We All Have Crosses To Bare.

British Airways is giving one of its employees a hard time over her wearing a small silver cross to work. Human Resources at BA say company policy decrees that overt religious symbols are not allowed as they may offend members of other religions.
This is complete and utter bollocks of course, just another case of Bureaucratic bullying.
BA managers themselves prove my case and damn themselves as hypocrites when they say the wearing of hijabs by Muslim women will be allowed as it would be unreasonable to ask someone to wear a hijab under other clothes.
Little Nicky’s attitude to all things religious is summed up in the page header of course, but the specific problem with this particular piece of cant is that neither the cross nor the hijab are truly symbols of Christianity or Islam.
The cross, variations on which have cropped up in most Indo – European cultures down the ages, is a universal symbol, an abstract of the wheel of life representing renewal and regeneration. The concept is best explained in the Zoroastrian creation myth.
The hijab comes from the ancient Assyrian tradition of veiling women that spread throughout the Middle East. It is not a requirement of the Koran which only decrees that women should be modest in their dress.
The hijab, niqab and burqa relate to local cultures rather than Islam in general.
Were I to say that we should defend the rights of the British Airways worker individuals to wear her cross openly and with pride while simultaneously agreeing with Elton John that religion should be banned (I’ve been saying it for 30 years El.) that might seem like a contradiction.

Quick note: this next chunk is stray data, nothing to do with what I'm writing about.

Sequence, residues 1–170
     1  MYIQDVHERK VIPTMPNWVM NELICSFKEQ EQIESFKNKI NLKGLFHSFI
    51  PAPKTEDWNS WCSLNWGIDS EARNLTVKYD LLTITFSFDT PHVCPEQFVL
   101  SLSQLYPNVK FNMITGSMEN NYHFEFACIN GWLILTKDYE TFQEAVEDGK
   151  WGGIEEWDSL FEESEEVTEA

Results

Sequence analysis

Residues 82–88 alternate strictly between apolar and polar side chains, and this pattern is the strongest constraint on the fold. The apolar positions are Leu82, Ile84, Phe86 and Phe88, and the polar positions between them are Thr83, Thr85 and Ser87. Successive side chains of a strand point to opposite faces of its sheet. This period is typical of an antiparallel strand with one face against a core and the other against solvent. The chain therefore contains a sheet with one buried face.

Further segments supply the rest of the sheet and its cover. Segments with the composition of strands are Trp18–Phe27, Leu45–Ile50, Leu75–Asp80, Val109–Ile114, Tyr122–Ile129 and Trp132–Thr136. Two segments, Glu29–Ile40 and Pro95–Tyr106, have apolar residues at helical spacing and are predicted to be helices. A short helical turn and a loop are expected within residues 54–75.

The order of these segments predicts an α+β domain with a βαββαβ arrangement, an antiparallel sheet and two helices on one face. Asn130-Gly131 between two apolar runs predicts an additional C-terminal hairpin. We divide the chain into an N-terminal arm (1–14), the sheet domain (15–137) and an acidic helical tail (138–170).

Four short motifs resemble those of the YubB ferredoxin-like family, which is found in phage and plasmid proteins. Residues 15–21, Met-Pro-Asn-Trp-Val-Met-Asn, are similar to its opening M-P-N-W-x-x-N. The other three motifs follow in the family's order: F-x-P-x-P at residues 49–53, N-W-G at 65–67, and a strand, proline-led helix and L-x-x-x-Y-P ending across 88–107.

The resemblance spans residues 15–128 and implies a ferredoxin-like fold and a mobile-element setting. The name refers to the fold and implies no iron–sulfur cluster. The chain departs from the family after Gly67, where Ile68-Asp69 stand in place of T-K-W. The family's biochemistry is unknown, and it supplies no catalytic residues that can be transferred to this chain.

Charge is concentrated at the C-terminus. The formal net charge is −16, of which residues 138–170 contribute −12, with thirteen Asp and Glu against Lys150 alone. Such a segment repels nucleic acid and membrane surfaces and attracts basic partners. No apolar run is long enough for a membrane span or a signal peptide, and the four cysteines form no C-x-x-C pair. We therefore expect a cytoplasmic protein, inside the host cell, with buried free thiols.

Not so I argue. While we should always respect and defend the rights and freedoms of individuals to express their faith, sexuality, political position or support for Rushden and Diamonds F.C. (Who are Rushden and Diamonds F.C. by the way, anyone know?) what always seems to happen is that while many religious organisations are very eager to press for their right to free expression they are even more keen to demand the rights of others to do likewise be curtailed.
Now the British Airways lady is not demanding that Jews be banned from wearing the Star of David, Muslims be prevented from wearing headscarves or anything else, simply that she be allowed to wear a small cross, which does not bear a figure representing a crucified body.
Where is the problem with that?

2 thoughts on “We All Have Crosses To Bare.

  1. I agree, it may not even be a religious icon for her.
    If your daughter/husband/son/mother or any other person you care about, purchased it as a present, she may just want to wear it to be close to them.

    BA, get real.

    Like

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